Student: Dena Nashawati
Minors: Anthropology, East Asian Studies
Advisors: Nathaniel Foster, Susan Clayton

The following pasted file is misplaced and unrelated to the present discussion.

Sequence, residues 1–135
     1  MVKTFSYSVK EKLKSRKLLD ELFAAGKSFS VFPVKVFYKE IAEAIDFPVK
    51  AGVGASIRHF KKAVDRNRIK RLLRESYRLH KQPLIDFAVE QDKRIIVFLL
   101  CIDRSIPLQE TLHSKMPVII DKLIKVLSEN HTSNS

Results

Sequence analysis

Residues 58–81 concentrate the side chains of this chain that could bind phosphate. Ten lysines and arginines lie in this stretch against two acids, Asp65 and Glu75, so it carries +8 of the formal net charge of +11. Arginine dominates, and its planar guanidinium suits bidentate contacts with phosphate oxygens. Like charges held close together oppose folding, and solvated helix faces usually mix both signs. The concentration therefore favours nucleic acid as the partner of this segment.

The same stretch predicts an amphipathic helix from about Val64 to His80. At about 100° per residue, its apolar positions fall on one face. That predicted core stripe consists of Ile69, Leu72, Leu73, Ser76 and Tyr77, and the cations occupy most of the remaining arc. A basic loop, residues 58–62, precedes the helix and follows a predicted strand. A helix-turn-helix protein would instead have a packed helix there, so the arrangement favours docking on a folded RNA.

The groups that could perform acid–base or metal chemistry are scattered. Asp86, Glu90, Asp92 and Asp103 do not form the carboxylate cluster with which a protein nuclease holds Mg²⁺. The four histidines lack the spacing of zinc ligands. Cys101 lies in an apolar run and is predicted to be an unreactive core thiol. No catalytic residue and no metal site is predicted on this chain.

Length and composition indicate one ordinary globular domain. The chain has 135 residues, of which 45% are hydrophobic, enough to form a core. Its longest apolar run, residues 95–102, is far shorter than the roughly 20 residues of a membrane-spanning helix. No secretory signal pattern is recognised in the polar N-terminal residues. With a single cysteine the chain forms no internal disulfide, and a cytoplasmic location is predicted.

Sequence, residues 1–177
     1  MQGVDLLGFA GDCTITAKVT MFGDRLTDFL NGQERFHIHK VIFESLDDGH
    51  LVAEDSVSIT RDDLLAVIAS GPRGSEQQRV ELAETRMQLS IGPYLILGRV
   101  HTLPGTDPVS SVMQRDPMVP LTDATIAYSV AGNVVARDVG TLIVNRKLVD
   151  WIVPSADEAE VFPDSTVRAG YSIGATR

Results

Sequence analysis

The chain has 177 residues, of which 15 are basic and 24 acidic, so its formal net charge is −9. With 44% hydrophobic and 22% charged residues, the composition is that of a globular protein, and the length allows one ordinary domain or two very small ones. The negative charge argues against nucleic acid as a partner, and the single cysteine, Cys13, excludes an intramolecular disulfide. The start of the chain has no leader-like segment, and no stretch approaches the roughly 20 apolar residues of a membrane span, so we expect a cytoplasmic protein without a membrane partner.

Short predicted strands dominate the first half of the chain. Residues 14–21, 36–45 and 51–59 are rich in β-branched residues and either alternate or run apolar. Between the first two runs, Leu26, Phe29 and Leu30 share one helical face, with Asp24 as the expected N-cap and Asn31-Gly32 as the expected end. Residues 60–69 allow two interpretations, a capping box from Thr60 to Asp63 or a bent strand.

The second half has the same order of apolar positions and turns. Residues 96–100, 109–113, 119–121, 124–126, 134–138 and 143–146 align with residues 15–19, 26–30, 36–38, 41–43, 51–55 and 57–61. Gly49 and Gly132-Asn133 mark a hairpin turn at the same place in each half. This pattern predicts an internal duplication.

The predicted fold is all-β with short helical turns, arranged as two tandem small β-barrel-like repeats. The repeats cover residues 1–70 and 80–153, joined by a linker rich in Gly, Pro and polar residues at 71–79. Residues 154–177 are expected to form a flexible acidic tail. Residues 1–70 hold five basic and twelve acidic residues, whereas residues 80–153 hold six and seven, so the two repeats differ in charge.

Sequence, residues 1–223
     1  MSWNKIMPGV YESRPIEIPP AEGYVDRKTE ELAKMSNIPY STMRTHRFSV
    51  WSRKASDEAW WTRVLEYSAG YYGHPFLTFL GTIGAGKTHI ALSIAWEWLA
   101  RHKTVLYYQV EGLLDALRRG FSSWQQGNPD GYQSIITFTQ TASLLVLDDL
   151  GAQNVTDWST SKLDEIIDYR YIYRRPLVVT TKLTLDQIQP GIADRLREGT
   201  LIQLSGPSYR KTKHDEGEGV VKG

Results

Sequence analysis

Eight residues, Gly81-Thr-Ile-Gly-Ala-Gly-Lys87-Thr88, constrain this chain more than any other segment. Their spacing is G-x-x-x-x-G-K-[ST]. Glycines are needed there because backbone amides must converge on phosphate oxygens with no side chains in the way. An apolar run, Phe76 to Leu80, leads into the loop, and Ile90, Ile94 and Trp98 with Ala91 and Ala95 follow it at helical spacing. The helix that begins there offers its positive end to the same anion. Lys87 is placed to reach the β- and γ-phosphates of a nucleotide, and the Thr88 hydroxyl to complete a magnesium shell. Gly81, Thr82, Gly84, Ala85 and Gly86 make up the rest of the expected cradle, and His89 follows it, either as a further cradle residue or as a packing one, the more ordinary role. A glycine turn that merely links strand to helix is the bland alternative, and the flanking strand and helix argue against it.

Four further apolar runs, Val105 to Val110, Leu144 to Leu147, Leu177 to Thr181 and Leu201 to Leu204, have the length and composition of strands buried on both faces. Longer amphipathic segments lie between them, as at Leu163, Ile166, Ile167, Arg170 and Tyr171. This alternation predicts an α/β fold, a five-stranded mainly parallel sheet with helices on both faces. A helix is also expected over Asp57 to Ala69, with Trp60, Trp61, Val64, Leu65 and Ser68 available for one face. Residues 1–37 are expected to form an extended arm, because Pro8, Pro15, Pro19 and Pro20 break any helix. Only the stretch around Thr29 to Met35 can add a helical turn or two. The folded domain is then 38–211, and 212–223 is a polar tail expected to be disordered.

This paper discusses the differences in culture and how they relate to mental health stigma and the help-seeking behaviors that follow. Previous studies in the area of mental health stigma have shown that minority and ethnic groups tend to have higher negative stigma regarding people with mental health issues. In turn, people in these minority groups are less likely to seek help when needed, resulting in poor treatment in the community. People tend to give mental health different attributions depending on their background and cultures, with some Eastern cultures emphasizing spiritual and supernatural causes and Western cultures emphasizing biological causes. Not only culture, but parental beliefs and self-stigma also impact mental health attributions and help- seeking. How does culture affect mental health attributions? Also, when presented with a 2nd point-of-view vignette, will the beliefs about mental health change? One hundred of the participants were American students and the other 100 participants were Japanese students. A 2×2 between-subjects ANOVA was run for each attribution measure. Results showed a significant interaction for the normal attribute (p = .042), a significant main effect of culture for the support (p = .004) and stress (p < .001) attributes, and a significant main effect of point-of- view for the personal attribute (p = .048). The results of the study did show some significant differences between culture and point-of-view, but only in certain attributions of mental health and for certain variables. Further studies could expand into different generations and age groups and compare within the culture. The current study failed to show consistent results, so it would be beneficial to solidify the different attributions that can be connected back to mental health stigma and understand the mental health literacy of the population used.
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